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SJV almond harvest moves into full swing

SJV almond harvest moves into full swing

Late almond harvest start putting pressure on growers to finish before rains. Big pistachio crop getting bigger - maybe 500 million pounds. Southeast Arizona pecan grower pleased with his 2011 crop of Western Schley.   .

It was two weeks late getting started, but the Kern County almond harvest is moving into full swing, says PCA Alan Butterfield, who works with growers in the eastern side of Kern and Tulare counties.

“The late start puts a lot of pressure on growers,” he says. “They’ll have to work very fast and efficiently to get the crop in before the fall rains come.”

In the second week of August one of Butterfield’s clients was spraying trees for mites, after being surprised by a late influx.

He attributes this late-season surge to insufficient predators to keep the spider mites in check.

“I don’t think we had much buildup of predators earlier in the year,” he says. “So, when the weather turned hot, the mites came on strong, and there weren’t enough predators to hold them back.”

If you would like to read more of Butterfield’s comments about the 2011 San Joaquin Valley almond crop, go to where you can see the most recent issues of Tree Nut Farm Press and subscribe to the free enewsletter that is emailed twice monthly through the growing season. It is sponsored by Cheminova.

Late pistachios

While some pistachio processors are predicting this year’s crop will total 400 million to 450 million pounds, consultant and former grower Carl Fanucchi is weighing in with a bigger estimate — perhaps a 475 million, or even a 500-million-pound harvest.

“The crop looks good,” says t owner of Fanucchi Diversified Management, Inc., Bakersfield, Calif. told Tree Nut Farm Press, Fanucchi  works with pistachio growers throughout Kern County. “Nut fill on mature trees is excellent, and nut size is larger than last year. Also, the number of blanks is a bit lower than normal, except for first-crop trees where blanks might be a little higher than the rest. That’s probably the result of not enough pollen in those young orchards.”

Based on the color of the nuts, good disease control and lack of staining, and other insect damage, he also sees excellent prospects for a top quality crop.

“Because of all the rain this season, growers with any kind of history of fungal problems have done a good job of spraying their trees to prevent any disease problems,” Fanucchi says. “The trees look good.”

Southeastern Arizona pecans

Pecan grower Danny Tingle, manager of Sunland Farms, Cochise, Ariz., told Tree Nut Farm Press he was encouraged by the appearance of his 210 acres Western Schley at mid-August.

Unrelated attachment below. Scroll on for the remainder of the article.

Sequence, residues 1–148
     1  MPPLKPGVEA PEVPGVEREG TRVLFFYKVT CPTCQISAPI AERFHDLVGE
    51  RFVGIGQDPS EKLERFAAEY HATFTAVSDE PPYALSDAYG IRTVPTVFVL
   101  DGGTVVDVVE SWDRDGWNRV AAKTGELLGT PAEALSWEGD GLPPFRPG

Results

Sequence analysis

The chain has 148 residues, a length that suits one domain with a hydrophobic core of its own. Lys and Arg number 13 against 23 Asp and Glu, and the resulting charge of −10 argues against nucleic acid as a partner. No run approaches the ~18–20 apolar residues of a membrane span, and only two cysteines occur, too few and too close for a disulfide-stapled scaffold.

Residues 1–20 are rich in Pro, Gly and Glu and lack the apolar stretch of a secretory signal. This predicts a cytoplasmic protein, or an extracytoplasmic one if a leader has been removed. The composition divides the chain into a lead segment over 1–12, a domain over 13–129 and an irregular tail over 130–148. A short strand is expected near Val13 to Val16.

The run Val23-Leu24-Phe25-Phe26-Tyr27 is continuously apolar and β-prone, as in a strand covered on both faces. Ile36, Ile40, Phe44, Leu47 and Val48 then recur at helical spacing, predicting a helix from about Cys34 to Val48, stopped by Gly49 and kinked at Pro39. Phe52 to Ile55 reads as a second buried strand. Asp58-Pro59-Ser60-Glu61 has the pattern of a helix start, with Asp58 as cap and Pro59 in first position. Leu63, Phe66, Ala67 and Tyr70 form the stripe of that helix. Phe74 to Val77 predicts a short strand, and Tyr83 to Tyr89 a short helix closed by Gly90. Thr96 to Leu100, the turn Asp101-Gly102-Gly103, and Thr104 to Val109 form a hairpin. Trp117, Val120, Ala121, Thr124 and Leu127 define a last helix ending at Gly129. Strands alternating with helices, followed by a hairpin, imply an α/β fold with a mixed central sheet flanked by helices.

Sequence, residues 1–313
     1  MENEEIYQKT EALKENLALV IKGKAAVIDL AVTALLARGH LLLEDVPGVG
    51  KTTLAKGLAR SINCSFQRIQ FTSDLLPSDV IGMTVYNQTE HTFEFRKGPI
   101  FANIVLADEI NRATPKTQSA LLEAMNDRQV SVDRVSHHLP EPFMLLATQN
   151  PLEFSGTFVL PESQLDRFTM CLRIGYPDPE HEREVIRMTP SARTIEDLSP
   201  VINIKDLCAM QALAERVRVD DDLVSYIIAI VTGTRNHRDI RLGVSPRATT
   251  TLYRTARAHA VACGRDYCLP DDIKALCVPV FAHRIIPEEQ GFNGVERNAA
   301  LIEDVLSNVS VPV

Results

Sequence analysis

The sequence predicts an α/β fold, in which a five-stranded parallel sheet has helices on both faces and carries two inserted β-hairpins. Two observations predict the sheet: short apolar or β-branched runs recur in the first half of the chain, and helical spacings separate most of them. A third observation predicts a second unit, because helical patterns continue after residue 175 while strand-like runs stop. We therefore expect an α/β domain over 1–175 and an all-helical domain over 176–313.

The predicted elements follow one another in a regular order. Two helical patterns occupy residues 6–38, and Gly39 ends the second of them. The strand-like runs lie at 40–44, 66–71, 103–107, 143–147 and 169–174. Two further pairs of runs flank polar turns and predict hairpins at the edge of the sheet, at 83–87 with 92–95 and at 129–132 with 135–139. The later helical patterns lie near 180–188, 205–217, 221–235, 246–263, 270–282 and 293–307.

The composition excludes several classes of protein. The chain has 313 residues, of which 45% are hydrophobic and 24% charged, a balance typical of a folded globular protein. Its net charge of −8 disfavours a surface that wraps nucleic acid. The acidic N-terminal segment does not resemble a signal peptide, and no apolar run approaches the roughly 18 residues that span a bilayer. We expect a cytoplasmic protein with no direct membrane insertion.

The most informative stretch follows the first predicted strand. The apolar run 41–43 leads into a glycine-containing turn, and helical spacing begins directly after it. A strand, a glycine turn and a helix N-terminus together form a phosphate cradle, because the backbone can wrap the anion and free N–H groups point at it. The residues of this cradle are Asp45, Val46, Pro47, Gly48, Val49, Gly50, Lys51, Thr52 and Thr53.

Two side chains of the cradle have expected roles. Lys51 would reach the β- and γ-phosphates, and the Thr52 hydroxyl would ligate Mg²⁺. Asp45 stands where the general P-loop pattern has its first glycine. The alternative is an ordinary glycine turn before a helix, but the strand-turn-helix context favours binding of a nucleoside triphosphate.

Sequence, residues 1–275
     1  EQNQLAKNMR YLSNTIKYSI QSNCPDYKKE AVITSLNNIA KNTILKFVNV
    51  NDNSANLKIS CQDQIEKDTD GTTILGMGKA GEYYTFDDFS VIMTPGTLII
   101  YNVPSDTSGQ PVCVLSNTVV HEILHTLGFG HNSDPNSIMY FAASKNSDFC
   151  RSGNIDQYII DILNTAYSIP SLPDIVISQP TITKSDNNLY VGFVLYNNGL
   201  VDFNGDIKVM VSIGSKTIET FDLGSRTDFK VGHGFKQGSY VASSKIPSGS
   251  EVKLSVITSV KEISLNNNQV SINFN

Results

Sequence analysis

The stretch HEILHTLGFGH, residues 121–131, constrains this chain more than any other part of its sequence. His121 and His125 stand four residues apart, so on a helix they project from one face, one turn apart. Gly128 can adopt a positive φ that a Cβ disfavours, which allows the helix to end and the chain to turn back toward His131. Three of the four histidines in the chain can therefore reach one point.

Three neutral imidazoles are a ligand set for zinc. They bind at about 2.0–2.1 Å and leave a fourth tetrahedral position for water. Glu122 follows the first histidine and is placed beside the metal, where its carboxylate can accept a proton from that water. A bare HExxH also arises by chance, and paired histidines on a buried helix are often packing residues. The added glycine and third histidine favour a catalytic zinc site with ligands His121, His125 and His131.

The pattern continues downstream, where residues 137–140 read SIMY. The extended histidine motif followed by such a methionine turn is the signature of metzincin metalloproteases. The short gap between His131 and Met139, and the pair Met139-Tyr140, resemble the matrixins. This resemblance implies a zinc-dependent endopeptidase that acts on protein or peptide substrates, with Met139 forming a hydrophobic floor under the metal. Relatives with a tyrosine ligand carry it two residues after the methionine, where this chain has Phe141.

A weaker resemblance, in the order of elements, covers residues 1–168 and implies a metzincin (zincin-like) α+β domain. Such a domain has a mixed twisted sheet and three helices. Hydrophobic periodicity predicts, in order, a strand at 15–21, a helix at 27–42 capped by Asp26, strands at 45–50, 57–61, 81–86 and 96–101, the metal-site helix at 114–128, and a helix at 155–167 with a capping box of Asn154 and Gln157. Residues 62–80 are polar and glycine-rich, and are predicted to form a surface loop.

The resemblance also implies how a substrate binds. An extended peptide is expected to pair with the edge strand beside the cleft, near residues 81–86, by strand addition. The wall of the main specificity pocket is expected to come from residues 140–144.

“They look good — really good,” he says. “They’ve exceeded the expectations I had going into this season. They’re about a week late because of the cool spring weather, but the trees are developing a pretty decent-size crop”

Due to a severe freeze several years ago, which all but eliminated production that year from half of his trees, his blocks represent about a 50-50 mix of on- and off-year production cycles.

“The trees that were in an on-year in 2010 and produced good yields have come back with an excellent crop again this season,” he says.

Six years ago Tingle began a program to reduce the year-to-year variation in production of the alternate-bearing pecan trees by pruning them heavily and giving them more nutrients and water during the on-year. The idea is to reduce stress on the trees going into the next year and promote higher off-year nut production.

San Joaquin County walnuts

With good control of earlier disease and insect threats, little sunburn injury, and a sizeable nut set, this season has all the makings of an excellent crop for San Joaquin County walnut growers. But they’re likely to be delayed in starting the harvest.

Although the crop could still make up some of setback in nut maturity caused by cool weather this year, growers probably won’t begin shaking their earliest varieties until about Sept. 15-20. That’s a good 10 days to two weeks later than usual, Joe Grant, University of California farm advisor for San Joaquin County, told Tree Nut Farm Press.

“Pretty much all of our varieties have set a decent crop this year,” he says. “The exception is Serr. We don’t have a lot of it, but where growers didn’t use the growth regulator ReTain to help correct for pistillate flower abortion, the crop is noticeably on the light side.”

Go to for the 2011 e-newsletter archives Tree Nut Farm Press and subscribe to the free e-newsletter that is emailed twice monthly through the growing season.

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